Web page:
Anatomy of the Ear
The anatomy of the ear can be divided into 3 parts:
The outer ear includes the external part of the ear and the ear canal.
The middle ear is separated from the outer ear by the ear drum and contains three tiny bones called ossicles.
The inner ear serves two functions - the cochlea for hearing and the semicircular canals for balance.
How do we hear?
- Sound waves that produce sound are collected by the pinna, the external part of the ear, that is made of ridged cartilage, covered with skin. It has a concave shape so it can funnel sound waves into the ear canal.
- These sound waves are directed down the ear canal where they reach the eardrum (tympanic membrane).
- The ear drum vibrates with these sound waves, causing the ossicles, referred to as the hammer, anvil, and stirrup, to vibrate.
- The ossicles carry the vibration to the cochlea, a fluid filled snail shaped structure in the inner ear.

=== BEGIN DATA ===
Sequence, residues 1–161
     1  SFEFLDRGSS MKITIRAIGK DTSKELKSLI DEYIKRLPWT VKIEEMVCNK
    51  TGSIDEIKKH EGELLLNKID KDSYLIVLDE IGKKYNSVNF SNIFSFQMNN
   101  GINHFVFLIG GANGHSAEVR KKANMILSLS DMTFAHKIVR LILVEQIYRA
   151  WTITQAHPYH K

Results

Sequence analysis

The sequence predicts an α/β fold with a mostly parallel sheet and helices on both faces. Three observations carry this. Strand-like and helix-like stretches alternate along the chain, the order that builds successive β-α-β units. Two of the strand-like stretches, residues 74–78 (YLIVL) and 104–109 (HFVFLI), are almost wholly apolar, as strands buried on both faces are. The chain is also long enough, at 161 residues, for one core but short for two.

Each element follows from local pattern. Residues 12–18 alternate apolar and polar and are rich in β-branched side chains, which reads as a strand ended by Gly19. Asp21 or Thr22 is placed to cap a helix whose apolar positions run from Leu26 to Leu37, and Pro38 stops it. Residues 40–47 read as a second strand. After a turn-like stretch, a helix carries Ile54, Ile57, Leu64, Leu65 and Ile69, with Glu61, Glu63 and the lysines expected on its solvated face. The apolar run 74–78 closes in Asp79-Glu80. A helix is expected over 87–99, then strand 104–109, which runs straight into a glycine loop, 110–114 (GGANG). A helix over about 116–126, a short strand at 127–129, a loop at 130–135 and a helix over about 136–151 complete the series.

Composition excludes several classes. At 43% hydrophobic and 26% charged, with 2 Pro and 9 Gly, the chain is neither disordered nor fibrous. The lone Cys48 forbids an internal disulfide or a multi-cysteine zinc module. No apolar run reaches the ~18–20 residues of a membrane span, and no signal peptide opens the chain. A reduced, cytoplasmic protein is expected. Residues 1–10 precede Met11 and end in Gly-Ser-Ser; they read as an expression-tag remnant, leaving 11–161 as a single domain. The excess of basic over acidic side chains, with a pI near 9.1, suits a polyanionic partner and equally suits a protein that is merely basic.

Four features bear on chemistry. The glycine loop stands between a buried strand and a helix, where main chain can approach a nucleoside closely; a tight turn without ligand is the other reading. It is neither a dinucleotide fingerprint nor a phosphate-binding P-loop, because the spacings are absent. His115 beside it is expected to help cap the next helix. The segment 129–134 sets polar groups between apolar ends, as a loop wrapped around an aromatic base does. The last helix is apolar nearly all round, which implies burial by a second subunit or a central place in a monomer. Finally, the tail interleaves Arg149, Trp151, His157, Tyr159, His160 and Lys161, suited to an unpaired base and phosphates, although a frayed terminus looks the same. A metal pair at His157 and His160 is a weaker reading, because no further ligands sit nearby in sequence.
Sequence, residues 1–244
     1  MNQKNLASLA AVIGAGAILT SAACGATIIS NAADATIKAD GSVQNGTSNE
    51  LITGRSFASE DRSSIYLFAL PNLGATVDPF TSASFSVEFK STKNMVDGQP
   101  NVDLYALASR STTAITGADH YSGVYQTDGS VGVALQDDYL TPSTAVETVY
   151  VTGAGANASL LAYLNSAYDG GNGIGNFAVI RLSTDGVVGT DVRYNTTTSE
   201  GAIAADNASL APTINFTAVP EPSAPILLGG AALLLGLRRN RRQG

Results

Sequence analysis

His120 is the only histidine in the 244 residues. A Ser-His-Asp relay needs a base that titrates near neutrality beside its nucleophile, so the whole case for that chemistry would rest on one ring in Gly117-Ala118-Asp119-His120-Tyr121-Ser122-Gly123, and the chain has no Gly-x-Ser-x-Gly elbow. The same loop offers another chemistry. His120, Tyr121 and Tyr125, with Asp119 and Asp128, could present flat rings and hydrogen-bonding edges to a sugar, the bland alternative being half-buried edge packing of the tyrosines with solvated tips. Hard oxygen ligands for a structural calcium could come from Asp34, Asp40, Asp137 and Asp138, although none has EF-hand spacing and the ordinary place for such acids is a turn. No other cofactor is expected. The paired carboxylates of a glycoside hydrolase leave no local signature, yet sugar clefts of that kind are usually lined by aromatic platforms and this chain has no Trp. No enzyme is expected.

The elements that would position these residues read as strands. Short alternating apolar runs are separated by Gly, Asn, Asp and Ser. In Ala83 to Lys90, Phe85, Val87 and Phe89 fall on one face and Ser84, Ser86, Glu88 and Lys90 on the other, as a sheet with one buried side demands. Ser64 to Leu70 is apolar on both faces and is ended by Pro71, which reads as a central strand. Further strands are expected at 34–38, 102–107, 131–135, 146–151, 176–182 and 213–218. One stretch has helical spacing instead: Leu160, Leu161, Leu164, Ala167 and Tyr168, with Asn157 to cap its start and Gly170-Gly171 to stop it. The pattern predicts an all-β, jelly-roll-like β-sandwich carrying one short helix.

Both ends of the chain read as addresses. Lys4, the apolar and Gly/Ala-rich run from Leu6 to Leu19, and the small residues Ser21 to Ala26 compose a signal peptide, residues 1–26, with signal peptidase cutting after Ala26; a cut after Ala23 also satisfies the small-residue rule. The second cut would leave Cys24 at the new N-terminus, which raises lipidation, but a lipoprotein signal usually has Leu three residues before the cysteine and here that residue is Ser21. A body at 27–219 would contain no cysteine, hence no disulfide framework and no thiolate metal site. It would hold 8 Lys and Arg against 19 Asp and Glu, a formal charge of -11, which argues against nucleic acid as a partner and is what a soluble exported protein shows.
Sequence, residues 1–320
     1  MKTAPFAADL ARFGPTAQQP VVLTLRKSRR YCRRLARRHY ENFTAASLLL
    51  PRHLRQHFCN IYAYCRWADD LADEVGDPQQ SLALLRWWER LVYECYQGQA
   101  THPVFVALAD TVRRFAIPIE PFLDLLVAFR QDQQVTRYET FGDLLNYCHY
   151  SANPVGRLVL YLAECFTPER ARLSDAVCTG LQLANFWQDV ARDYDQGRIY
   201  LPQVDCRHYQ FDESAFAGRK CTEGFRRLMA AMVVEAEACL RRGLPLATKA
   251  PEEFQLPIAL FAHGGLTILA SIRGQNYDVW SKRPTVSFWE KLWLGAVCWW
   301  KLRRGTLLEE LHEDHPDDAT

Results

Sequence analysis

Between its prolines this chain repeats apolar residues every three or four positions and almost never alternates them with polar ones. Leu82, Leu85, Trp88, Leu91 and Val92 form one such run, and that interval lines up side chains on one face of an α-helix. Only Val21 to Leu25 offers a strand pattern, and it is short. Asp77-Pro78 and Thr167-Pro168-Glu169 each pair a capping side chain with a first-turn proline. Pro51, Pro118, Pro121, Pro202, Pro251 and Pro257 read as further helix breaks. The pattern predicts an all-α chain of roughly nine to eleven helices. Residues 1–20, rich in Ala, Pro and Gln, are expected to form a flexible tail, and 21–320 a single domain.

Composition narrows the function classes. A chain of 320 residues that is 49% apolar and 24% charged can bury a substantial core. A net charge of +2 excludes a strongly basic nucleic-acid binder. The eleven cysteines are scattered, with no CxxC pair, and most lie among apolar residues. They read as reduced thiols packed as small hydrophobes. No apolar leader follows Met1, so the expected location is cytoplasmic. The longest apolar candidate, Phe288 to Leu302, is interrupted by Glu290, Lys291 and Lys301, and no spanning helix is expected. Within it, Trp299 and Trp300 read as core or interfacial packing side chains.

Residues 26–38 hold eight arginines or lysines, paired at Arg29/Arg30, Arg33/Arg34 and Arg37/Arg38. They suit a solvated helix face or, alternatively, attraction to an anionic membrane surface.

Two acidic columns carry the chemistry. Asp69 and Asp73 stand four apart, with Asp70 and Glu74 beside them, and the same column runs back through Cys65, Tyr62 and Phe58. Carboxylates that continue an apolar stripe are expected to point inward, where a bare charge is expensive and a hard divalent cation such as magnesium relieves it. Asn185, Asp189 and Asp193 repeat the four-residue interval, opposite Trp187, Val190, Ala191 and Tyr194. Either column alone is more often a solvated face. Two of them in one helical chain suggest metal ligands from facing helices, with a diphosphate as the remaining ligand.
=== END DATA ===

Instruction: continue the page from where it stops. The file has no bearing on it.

- The cochlea is filled with thousands of tiny hairs called cilia, which are attached to nerve cells.
the liquid in the cochlea vibrates, it moves the cilia which stimulate
the nerve cells to send different signals to the brain via the auditory nerve.
- The brain receives the signals,distinguishes them, and translates them into the sound we hear.
effects of aging on the ear
What happens to our ears as we age:
- The eardrum thickens
- The tiny bones in the middle ear stiffen
- Loss and breakage of hairs(cilia) in the inner ear
- Nerve function decreases
- The brain's ability to translate sound signals slows down
As a result hearing may decline. This gradual decline in hearing over time, due to aging is called
, said to be the most common causes of hearing loss in men and women over 50.
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